As Country Gets More Diverse, Newspapers Do Not

Newsrooms cut black journalists and supervisors at a higher rate than ever before in 2009 while the minority communities they cover grow larger.

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Some troubling news from the print media world

Newsrooms cut black journalists and supervisors at a higher rate than ever before in 2009 while the minority communities they cover grow larger. As more African-American journalists lose their jobs, diversity in newsrooms has taken a back seat, according to a study released Sunday by the American Society of News Editors (ASNE).

"It is a travesty that minority journalists are being disproportionately cut in newsrooms across the country," said National Association of Black Journalists (NABJ) President Kathy Y. Times. "Despite the economy and cutbacks, we must try to keep our newsrooms at least on parity with the communities we serve."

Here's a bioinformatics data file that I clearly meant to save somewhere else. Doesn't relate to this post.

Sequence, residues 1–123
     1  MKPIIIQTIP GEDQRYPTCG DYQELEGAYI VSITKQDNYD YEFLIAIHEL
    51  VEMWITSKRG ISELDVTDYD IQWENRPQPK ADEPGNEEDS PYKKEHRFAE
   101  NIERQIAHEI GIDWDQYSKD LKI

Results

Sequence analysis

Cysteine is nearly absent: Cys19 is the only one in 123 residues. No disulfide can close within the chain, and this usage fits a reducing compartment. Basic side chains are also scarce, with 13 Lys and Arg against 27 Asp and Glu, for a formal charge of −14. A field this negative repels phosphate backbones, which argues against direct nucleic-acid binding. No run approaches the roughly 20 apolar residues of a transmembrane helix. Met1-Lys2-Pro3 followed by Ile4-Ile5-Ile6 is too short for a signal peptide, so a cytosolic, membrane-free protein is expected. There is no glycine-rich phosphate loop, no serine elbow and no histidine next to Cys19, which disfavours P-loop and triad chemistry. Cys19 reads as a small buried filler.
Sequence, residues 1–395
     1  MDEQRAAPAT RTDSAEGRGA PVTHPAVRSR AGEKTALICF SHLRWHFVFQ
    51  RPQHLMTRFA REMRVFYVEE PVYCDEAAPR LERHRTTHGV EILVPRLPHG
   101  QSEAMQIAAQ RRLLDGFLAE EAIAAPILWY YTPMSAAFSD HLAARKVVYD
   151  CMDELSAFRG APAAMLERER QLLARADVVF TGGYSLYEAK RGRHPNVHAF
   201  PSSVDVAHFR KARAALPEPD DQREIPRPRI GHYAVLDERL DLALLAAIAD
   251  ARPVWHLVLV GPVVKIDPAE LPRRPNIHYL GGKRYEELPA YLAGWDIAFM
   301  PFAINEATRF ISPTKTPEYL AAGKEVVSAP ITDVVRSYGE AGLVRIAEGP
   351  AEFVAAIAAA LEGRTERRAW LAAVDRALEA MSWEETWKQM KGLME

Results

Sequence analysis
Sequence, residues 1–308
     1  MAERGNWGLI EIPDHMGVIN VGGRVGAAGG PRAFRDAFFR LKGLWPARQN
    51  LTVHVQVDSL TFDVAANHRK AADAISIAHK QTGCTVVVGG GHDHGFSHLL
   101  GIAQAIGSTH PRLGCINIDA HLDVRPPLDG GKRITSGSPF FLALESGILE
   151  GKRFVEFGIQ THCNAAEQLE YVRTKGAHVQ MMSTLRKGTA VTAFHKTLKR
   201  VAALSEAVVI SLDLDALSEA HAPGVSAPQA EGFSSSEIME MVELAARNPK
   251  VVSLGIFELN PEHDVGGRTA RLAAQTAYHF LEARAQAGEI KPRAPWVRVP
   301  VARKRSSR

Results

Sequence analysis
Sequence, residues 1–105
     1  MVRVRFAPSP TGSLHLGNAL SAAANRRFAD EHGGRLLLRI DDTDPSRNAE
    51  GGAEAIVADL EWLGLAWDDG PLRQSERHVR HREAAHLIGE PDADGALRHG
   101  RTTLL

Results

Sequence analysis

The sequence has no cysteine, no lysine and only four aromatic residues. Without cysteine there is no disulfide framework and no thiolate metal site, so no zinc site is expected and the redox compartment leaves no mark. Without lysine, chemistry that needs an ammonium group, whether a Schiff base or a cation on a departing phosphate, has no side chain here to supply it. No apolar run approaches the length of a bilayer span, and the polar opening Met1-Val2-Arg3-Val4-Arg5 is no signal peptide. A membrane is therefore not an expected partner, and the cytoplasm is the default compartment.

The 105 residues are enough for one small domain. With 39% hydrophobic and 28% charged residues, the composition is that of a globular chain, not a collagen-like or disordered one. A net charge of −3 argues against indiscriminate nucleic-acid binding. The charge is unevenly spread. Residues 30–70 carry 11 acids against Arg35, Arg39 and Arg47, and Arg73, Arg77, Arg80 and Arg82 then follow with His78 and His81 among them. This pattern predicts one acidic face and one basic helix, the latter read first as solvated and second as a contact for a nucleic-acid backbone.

Newsroom jobs held by black journalists were slashed by an unprecedented 19.2 percent in 2009, nearly six percentage points higher than the previous year. Since 2001, African-Americans have a net loss of more than 30 percent of the positions they occupied in American newsrooms.

The NABJ Board of Directors is scheduled to meet in the Washington, D.C.-area this weekend to discuss the recent ASNE findings. NABJ has an action plan in the works for improving newsroom hiring and the retention of black journalists in print, broadcast, and online media.